So where am I going with this? The objective is not to transform from being an African American to being an African person. Nine times out of ten this cannot happen because most AAs just cannot undertake the kind of commitment it takes to relearn an entire lifetime of culture, language, and social orientation.
The objective is for both groups to reach a middle ground where they can have a mutually fair and equal relationship where African Americans can gain a sense of belonging to the cultures from which they are descended in a non exploitative manner.
So it’s not about a bunch of elders sitting in a circle and deciding that you belong. You have to WORK for it. Even ethnic Nigerians have to work for it. I speak Igbo fluently but there are some pretty ancient Igbo expressions my grandparents use and every time I get them wrong, my Igbo-ness is questioned. I HATE egusi soup and people have questioned my Igbo-ness because of this. Sorry to mention white people but in my case as a Nigerian, I’ve seen white men that married Nigerian women and not only moved to Nigeria, but within a year or two were speaking their wives languages as best as they could and were fluent in pidgin and behaved appropriately in their wives’ cultures. Some of them even learned to cook Nigerian food and learned the history of their wives’ people and make sure to teach it to their children. They are nowhere near perfect but that takes effort.
I’ve also seen white people that came to Nigeria and didn’t learn shit and were still wandering around being the “Oyibo” and hiding themselves in expatriate enclaves and counting down to the day their visa expires so they can go home.
I’ve seen Black Americans arrive in Nigeria and expect to see people with “Welcome Home” signs at the airport like Nigerians don’t have shit to do. Even full blooded Nigerians have to PROVE every single day that they belong so nobody understands why African Americans just stroll in expecting to belong automatically.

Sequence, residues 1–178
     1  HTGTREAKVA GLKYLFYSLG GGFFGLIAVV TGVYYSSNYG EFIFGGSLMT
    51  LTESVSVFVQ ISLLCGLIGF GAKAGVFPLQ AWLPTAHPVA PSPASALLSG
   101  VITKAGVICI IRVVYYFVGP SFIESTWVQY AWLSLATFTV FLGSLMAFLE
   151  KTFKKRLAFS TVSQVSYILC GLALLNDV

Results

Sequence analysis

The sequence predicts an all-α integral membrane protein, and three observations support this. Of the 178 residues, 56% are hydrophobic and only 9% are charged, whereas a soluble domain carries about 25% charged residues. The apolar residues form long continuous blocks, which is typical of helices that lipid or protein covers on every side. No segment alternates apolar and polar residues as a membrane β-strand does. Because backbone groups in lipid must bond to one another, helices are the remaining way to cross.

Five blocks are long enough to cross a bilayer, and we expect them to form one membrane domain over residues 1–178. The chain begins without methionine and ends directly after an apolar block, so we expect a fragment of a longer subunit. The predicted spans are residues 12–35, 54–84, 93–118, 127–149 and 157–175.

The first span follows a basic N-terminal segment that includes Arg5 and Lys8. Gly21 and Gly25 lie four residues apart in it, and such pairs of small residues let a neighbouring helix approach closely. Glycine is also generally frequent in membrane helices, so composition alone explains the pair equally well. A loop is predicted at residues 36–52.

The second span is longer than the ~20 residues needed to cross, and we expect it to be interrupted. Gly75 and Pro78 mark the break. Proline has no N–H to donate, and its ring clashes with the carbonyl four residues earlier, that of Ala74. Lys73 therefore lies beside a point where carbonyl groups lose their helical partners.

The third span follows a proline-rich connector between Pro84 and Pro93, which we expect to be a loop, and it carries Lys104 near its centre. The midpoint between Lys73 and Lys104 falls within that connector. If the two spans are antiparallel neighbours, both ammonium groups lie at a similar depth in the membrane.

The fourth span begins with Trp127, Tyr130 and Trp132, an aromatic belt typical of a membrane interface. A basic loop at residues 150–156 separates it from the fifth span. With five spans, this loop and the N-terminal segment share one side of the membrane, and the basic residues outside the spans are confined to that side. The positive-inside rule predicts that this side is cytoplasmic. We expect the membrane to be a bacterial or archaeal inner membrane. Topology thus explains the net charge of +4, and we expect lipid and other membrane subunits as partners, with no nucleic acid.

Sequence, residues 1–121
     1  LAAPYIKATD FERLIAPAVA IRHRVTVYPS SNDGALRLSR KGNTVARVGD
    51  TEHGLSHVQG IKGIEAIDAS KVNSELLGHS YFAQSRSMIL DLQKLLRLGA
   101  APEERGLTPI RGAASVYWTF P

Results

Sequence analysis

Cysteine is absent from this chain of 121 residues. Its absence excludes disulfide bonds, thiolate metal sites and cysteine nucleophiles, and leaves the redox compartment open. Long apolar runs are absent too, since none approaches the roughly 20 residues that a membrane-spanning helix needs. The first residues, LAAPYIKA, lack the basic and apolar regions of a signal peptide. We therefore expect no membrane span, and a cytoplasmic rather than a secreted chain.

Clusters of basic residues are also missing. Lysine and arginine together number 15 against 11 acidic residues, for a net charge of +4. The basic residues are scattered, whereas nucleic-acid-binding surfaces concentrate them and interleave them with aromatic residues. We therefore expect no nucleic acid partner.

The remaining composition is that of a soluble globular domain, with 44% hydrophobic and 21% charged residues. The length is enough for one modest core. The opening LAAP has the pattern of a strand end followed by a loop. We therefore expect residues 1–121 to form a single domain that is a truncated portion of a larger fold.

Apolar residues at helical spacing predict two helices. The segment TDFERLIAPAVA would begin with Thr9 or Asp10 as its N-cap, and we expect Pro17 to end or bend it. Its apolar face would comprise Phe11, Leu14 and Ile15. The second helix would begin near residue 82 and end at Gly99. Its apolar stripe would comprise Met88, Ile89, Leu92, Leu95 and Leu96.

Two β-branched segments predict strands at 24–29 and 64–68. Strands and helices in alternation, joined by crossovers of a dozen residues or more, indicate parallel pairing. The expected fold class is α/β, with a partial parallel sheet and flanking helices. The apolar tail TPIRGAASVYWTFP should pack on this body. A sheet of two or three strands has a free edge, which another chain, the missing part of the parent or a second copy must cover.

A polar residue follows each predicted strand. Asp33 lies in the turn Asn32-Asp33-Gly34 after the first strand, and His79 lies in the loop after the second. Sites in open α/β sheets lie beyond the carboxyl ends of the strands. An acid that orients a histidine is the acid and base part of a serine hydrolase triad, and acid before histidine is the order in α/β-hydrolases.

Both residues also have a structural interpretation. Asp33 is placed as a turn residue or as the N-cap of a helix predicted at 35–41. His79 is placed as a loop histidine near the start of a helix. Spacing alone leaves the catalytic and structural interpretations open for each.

And you CAN learn a language on the Internet. Lots of people have done it and many more will.
And learning languages is not a zero sum equation. It’s not like if you learn Igbo or Yoruba your ability to learn French or Spanish has been diminished (but many Americans act like this).
Most Africans speak at least two or three languages (in fact, most speak THREE at a bare minimum). If you add the languages they UNDERSTAND but don’t speak completely fluently, this figure balloons to five to seven at the least.
It is completely NORMAL for a person to speak five languages or more.
And I suggested language to you and to any other African American looking for a way in because language is the EASIEST way in.
Take my country for example. We all speak and understand English, but there are places that English will NEVER get you, places where only Hausa will open the door, places where only Igbo will convert hostile looks, places where only Yoruba will earn you a welcome. English only sits on the surface, hiding everything else that is below.
Culture will take you FOREVER to learn and you may still never perform it naturally in your life, but language you can learn, and people will quickly accept you and forgive your cultural faux-pas if you speak their language.